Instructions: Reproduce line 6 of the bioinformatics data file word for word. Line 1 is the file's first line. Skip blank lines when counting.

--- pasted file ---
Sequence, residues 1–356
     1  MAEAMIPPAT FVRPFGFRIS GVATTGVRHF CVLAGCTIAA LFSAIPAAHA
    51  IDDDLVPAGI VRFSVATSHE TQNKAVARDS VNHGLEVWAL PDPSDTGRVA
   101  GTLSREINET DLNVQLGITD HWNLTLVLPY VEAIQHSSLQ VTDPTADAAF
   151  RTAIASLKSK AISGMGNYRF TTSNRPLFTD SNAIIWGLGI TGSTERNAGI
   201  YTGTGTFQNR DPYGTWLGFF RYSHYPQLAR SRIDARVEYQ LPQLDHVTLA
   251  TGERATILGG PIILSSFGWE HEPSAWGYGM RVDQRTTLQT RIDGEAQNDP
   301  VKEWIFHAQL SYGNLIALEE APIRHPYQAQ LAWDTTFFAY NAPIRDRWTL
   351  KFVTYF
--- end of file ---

   201  YTGTGTFQNR DPYGTWLGFF RYSHYPQLAR SRIDARVEYQ LPQLDHVTLA